Problems of Division
- This has been a re-currect theme.
Apparently it is near impossible to divide something into two.
For the first case scenario, a capacitive value may show equal values by LCR meter within a half of a % or so, but when we put a total voltage across both equal values in series, one side will get more voltage then the other in the division, implying that things aren't being divided equally.
I worked with this problem a bit and could show a better division and equalization of voltages that should be equivalent, but the crux of the biscuit there was showing the difference between the ordinary tank circuit and the binary resonant one. In the binary case, the voltage difference between capacitors in series are more equalized.
In the next case scenario this same effect takes place between mutual inductance between equally valued air core inductances in close proximity. The mutual inductance will also yield an inherent inbalance in most all cases, but this thought should be elucidated upon for example.
I have taken two of the 12 lb, 23 gauge coils placed on a inverted cylindrical holder at 1 inch separation of poles as shown on video, and made impedance measurements of both when the coils are either in magnetic agreement or opposition. AT 30 volts AC variac input tests of inductive reactance amperage consumptions can be made with both sides. The problem becomes that even though the inductive values are well equally matched, even in reactive only tests of mutual induction by this air core means; when they are placed in mutual induction the measured inductive value between them brought forth by that mutual induction always seems to make one side stronger than the other. This is especially true when the pair is tuned for magnetic opposition vs a tuning made with magnetic unity.
To illustrate this somewhat initial paradox that later becomes revealed as to its nature, today I set each coil system in magnetic unity as the other unexplored side of the coin. Instead of placing them as inversely phased series resonances, I placed them as identically phased series resonances in parallel and mutual inductance. Days ago I found out that the circuits magnetically are the same as far as interactions go. Two magnetic reversals of circuits connections can be made, and it is the same as the original arrangement. Thus here we are only replicating the same magnetic circumstances for comparisons of both cases, to look for possible differences between both cases that might exist.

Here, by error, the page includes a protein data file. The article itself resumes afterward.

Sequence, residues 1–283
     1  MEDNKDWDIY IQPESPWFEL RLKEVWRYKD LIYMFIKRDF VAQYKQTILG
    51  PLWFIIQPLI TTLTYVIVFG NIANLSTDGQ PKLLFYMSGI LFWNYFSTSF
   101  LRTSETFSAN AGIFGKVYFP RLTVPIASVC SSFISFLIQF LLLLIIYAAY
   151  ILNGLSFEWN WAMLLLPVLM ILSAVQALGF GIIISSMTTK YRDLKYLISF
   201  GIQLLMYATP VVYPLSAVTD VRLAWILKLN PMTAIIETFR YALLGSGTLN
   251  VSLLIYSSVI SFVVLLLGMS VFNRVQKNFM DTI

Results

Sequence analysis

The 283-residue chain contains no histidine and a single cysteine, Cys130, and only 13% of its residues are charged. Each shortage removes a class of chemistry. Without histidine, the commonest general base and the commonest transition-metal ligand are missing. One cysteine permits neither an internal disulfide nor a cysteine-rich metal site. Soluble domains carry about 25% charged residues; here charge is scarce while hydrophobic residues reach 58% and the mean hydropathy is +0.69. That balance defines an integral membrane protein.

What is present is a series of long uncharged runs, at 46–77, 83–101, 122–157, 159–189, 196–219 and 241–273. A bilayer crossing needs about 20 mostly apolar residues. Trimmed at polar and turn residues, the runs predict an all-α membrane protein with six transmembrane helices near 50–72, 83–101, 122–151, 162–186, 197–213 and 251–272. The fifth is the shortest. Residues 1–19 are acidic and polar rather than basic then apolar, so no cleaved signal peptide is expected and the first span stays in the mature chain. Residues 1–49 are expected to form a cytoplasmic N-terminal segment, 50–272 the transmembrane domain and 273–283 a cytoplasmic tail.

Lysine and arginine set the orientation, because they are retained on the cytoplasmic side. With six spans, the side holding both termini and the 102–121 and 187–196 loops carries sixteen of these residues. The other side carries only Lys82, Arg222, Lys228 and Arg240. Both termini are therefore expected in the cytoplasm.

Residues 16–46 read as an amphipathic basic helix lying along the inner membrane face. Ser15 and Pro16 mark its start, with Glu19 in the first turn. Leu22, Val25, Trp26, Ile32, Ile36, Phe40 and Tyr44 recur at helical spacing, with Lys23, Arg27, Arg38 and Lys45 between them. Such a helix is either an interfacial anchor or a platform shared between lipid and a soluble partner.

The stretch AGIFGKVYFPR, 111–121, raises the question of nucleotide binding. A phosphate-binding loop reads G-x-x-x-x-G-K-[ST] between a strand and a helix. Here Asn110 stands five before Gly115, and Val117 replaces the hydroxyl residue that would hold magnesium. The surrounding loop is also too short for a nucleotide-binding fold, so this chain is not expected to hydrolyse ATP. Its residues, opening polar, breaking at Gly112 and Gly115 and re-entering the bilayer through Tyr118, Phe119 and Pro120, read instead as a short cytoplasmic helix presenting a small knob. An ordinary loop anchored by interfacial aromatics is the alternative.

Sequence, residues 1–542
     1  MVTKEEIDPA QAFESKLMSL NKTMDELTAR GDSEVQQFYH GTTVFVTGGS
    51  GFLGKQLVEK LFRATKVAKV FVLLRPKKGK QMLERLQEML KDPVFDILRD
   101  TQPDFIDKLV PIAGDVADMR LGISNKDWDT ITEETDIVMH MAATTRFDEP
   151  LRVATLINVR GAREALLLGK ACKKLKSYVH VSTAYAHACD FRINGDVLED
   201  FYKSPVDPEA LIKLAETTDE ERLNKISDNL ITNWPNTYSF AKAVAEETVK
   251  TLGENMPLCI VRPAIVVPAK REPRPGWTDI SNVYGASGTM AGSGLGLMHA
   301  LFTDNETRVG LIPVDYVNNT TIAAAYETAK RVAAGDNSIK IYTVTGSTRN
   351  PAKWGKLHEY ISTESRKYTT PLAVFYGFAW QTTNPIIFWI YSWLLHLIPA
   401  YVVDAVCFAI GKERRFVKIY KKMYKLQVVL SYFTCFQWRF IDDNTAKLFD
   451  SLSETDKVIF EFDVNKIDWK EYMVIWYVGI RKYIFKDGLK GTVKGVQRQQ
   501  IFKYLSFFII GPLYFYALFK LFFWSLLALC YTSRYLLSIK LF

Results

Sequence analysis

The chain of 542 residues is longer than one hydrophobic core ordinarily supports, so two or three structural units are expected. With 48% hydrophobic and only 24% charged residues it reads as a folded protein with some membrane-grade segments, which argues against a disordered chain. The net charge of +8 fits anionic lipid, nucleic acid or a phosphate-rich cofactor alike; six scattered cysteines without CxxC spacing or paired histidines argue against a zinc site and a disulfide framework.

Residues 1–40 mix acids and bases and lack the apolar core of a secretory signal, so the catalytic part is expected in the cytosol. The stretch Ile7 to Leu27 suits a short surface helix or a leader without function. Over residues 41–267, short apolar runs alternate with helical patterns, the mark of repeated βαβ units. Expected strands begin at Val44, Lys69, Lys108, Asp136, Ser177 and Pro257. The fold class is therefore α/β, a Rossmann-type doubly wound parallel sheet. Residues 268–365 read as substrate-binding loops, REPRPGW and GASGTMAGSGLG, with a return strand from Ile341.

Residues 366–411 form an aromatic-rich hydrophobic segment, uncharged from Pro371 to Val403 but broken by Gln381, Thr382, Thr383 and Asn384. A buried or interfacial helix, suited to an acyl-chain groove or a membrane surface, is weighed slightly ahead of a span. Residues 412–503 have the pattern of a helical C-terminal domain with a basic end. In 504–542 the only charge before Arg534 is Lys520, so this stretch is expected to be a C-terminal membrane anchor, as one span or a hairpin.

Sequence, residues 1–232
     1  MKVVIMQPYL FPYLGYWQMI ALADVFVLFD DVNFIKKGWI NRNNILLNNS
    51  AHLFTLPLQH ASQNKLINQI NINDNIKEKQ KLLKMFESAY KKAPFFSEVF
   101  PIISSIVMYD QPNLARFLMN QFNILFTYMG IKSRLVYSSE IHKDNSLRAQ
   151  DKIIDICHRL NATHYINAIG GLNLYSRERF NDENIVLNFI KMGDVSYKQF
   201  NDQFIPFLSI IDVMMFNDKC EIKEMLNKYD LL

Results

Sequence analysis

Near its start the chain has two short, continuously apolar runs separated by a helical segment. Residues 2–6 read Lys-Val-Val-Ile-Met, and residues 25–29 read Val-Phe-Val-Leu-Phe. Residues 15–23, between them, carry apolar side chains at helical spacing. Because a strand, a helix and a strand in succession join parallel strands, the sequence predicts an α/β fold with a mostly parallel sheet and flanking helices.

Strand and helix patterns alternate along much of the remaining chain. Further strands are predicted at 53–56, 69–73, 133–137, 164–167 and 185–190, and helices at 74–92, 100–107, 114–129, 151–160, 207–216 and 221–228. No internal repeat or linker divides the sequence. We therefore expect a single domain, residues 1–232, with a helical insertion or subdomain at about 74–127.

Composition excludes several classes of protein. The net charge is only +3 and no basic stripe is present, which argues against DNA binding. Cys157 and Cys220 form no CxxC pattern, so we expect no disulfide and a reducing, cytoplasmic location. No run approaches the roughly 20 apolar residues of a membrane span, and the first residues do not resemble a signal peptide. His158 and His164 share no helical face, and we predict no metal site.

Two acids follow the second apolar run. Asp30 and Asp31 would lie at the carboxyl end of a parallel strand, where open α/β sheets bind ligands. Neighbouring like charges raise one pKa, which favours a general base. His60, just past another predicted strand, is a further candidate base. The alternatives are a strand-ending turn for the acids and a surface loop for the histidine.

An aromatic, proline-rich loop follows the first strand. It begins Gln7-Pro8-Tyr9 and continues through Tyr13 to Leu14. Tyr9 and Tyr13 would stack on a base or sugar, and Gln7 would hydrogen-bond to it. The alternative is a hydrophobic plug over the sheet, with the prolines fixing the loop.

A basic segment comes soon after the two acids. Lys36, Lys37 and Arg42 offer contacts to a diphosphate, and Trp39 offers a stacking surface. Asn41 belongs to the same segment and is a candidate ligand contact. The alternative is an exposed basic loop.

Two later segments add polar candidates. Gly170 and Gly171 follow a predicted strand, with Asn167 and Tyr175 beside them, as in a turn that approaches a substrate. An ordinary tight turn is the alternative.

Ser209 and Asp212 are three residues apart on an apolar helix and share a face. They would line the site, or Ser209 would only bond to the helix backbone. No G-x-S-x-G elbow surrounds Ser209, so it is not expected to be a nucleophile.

The placing of these ~ series resonant circuits with identical phasing direction from inputs then can be measured for mutual induction, and then no confusion results from the observations, and then we replicate the same result by double negatives.
The double negative then only involves first turning one LC series combination in parallel with the other to appear in reverse as concerns its electrical connections, and then doing the same thing to the coil itself.
In each of these combinations the effect of mutual inductance shows that a higher q factor is obtained on each individual coil when the fields are in opposition, but because precise measurements are not yet made, this is not yet conclusive.
In this experimentation with the smaller ~ 2.5 H coils, the value of capacity is set at 3 uf, and the mutual inductance of the coils is varied to meet that capacitive balance.
So having investigated the usual arrangement for the first time I was quite surprised to find that that balance between the coils in this arrangement was superb. At 30 VAC variac input, the coils in magnetic agreement; in identical and not inversely phased resonance as usually dealt with; these values yielded 114 ma on one side and 116 ma on the other, less then 2 % difference. But when their individual reactances themselves were measured a larger % of difference was recorded, and since each reactance in parallel is using the same capacitive value to resonate, this implies that one side is aiding the other to become identical in resonant amperage consumptions. In this case even though the amperage consumptions on both side are near identical near 2% with resistances probably closer then that in tolerances, when we compare the individual voltage rises on each side of this identically phased arrangement, we find 90 volts resonant rise of voltage on one side, and 120 on the other. At first this seems puzzling since both of these voltage rises were obtained by the resonant balancing principle of series resonance with near 2% equal values on each side, but now the balance scale has significantly been tilted by mutual induction. One coil will always be predominant in (resonant air core) mutual induction so that it acts as the sender, and the other as the receiver.
As such this begins the deScriptions of the
PROBLEMS OF DIVISION.